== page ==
Disney on Wednesday reported that its Disney+ streaming television service lost more than 10 million subscribers in the recently ended quarter, in large part due to the Indian market. Disney+ finished the quarter with 146.1 million subscribers, compared with just shy of 158 million in the first three months of this year, the group said.
Rival Netflix recently reported that its subscriptions climbed by nearly six million in the wake of its crackdown on password sharing.
“Despite near term headwinds, I’m incredibly confident in Disney’s long term trajectory,” chief executive Bob Iger said on an earnings call. “Because of the work we’ve done, the team we have in place and because of Disney’s core intellectual property foundation.” Iger told financial analysts that streaming, film studios and theme parks will drive its growth in the coming five years.
All but a sliver of the loss in Disney+ subscribers took place in India, where the entertainment titan early this year lost rights to stream popular Premier League cricket matches. “It’s important to remember where we started and how we’ve adapted based on what we’ve learned,” Iger said of Disney+.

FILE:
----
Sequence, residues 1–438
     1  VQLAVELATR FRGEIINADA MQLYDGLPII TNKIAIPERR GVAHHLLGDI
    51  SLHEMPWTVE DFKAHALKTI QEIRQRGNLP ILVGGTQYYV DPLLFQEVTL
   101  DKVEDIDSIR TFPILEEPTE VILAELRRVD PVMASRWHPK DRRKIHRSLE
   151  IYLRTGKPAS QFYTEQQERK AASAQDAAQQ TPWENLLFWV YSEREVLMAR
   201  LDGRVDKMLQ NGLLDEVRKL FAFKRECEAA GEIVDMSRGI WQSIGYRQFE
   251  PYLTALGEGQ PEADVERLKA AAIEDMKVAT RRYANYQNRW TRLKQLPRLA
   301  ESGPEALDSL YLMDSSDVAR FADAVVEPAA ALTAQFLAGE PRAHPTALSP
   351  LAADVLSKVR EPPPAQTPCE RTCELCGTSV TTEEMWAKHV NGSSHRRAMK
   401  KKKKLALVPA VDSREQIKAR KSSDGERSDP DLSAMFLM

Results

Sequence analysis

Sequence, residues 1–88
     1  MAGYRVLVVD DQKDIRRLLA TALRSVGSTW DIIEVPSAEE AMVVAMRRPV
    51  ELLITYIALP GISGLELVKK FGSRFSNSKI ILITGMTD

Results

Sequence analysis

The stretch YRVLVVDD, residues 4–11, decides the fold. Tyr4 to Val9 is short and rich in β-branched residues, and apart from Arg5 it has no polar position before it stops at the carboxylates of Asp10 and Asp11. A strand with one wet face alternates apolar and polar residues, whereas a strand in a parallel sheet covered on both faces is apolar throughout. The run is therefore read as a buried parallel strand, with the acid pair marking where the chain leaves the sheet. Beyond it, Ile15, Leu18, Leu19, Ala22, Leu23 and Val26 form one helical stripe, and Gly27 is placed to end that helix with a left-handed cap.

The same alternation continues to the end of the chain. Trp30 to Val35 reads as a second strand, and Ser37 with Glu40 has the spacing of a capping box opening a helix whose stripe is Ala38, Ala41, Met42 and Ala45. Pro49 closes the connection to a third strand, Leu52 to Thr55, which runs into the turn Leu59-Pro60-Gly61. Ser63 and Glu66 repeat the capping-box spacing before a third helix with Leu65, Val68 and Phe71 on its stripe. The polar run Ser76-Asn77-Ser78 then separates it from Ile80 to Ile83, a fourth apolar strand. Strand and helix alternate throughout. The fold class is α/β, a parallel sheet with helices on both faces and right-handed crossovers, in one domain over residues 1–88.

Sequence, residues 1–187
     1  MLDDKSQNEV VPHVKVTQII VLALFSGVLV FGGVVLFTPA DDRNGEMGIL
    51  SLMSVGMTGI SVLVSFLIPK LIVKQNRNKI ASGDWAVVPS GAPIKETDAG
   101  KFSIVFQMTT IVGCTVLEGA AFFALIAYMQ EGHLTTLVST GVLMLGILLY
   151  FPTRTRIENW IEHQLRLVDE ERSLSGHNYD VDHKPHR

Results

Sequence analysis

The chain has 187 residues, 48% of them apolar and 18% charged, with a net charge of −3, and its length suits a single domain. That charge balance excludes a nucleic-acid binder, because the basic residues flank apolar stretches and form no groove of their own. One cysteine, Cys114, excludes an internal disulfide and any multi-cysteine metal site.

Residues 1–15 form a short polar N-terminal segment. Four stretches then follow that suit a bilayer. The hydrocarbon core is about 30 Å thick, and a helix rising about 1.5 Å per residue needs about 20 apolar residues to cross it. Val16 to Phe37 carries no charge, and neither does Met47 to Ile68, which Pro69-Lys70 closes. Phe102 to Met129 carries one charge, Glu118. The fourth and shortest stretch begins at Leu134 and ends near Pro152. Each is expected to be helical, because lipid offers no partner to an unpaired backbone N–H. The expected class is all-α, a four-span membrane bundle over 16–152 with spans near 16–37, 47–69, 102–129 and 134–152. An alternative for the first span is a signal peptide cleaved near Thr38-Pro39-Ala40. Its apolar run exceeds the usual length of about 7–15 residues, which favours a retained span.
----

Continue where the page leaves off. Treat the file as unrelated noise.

“We overachieved with massive subscriber growth for Disney+ out of the gate, and we leaned into a spending level to fuel subscriber growth.”
Disney will release details of upcoming streaming price increases late Wednesday, and will make an ad-supported Disney+ tier available in Canada and parts of Europe, according to Iger.
The loss of subscribers came as a potentially crippling writers and actors strike hits the US entertainment industry, threatening Disney’s ability to produce content key to the streaming service’s appeal.
“It is my fervent hope that we quickly find solutions to the issues that have kept us apart these past few months,” Iger said of negotiations with striking actors and writers. “And I am personally committed to working to achieve this result.”
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